The Answers to Parents

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The Answers to Parents Most Common Questions


My child uses profanity. How do I respond?

Parents often forget that children are active listeners and imitators. If parents use profanity (and most do, either regularly or during moments of anger), so will their children. And children are surprisingly good mimics. They swear with their parents’ tone and intensity, and they use curse words in the appropriate contexts. Young children pick up profanity, which they also hear from playmates and on TV, just as they pick up other phrases.

When people respond with surprise to a child who’s used a curse word, or when they say, “That’s bad,” the child learns that profanity has power. He may continue to use swear words to test out their shock value and to try to understand what makes certain words bad.

Parents are usually alarmed by their child’s swearing. They fear embarrassment and worry that he will be blamed for teaching profanity to other children. Parents also fear that his cursing will reflect on the entire family, and that people may assume such language is used and condoned in his home. Because of these fears, many parents become angry and react strongly when their child uses profanity. But they should be careful not to blame him for his natural tendency to imitate what he hears.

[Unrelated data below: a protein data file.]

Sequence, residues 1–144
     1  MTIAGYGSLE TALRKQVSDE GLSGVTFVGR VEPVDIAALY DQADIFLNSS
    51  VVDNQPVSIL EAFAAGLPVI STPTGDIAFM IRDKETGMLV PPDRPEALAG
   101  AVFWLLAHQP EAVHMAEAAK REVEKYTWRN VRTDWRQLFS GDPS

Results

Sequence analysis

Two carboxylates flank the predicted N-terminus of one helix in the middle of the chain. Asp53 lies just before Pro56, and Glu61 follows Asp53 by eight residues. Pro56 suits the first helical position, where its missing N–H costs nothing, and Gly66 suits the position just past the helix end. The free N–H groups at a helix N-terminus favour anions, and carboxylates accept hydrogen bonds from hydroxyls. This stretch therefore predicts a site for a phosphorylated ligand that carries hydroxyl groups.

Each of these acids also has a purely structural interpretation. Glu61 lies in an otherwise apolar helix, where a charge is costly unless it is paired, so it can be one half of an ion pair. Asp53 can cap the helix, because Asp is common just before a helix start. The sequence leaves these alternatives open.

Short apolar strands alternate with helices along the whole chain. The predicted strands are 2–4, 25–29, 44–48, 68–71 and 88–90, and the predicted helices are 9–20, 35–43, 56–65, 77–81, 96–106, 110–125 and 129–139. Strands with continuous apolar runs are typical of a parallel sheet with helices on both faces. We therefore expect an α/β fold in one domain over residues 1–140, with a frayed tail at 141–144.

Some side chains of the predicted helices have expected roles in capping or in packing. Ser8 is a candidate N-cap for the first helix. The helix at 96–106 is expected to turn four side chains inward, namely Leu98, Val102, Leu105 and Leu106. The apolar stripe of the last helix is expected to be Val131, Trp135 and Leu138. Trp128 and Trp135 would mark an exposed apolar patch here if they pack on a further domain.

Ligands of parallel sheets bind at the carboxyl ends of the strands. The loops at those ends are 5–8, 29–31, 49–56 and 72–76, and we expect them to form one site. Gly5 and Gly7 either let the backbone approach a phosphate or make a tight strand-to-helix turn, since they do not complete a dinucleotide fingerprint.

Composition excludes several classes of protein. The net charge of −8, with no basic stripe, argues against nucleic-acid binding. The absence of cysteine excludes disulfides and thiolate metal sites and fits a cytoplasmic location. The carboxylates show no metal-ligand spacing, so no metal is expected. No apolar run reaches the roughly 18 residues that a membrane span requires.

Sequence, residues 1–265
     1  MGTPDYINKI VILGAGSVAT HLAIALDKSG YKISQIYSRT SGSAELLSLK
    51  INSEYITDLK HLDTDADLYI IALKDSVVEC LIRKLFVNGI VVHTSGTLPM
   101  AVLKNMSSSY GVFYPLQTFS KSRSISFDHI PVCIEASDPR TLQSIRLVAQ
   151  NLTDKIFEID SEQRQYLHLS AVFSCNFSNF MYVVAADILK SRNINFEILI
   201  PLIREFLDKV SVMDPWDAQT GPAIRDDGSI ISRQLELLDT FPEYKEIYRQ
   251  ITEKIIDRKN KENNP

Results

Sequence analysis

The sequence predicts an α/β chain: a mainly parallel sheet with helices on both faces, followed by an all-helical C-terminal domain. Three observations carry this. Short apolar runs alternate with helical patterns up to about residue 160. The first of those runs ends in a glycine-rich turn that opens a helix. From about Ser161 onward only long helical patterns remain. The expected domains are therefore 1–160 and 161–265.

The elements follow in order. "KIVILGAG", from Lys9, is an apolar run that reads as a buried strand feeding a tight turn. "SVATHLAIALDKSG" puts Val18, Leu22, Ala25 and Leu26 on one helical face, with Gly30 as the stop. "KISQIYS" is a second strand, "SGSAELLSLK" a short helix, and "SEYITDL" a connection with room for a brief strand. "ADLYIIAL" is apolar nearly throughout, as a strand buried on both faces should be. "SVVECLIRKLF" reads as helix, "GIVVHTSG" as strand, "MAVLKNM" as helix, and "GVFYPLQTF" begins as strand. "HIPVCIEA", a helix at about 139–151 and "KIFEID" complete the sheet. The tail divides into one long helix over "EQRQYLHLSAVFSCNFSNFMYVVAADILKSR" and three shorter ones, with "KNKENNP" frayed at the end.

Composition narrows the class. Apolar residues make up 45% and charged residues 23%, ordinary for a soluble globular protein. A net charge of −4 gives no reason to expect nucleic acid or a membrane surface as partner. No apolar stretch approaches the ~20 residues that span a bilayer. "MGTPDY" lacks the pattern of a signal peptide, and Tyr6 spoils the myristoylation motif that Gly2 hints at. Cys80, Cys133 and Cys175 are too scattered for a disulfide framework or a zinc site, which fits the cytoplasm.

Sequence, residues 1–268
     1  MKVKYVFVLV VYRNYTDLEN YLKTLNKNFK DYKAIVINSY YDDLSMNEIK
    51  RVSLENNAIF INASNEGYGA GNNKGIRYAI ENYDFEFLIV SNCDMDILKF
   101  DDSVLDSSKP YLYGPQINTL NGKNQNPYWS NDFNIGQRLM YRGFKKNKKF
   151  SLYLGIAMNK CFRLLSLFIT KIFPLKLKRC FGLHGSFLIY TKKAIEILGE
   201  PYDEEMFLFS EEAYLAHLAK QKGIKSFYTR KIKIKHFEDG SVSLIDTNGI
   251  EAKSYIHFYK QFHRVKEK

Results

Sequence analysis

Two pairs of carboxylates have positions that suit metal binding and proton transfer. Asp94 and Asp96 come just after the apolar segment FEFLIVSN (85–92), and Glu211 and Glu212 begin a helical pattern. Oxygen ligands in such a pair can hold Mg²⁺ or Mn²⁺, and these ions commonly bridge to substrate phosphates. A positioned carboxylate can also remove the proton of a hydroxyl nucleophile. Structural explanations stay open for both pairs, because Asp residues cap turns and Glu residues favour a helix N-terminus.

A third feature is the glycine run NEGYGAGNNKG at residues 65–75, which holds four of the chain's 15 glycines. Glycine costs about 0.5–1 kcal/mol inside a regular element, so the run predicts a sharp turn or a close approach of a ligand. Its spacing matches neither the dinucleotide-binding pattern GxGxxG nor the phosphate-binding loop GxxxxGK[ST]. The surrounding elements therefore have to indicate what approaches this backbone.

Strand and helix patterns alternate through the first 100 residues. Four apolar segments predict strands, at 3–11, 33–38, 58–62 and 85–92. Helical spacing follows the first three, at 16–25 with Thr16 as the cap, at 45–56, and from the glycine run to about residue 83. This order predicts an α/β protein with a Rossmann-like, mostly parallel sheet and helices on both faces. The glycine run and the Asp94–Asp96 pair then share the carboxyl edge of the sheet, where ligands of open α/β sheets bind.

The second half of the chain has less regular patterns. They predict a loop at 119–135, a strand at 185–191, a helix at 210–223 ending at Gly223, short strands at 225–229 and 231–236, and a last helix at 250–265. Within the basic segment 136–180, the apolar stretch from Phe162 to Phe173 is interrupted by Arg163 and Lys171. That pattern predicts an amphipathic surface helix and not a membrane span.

If your child uses swear words only occasionally, there’s no need to be concerned. But if he uses such words often, there are several things you can do. The most important is to stop using profanity yourself. If he no longer hears the words from you (or from the TV shows you let him watch), he’ll probably stop cursing. You can also explain that you don’t want him using profanity, and you can set firm limits on his language. As long as you don’t overreact, he’ll probably give up profanity once the novelty wears off, although during the elementary years he may experiment with it again.






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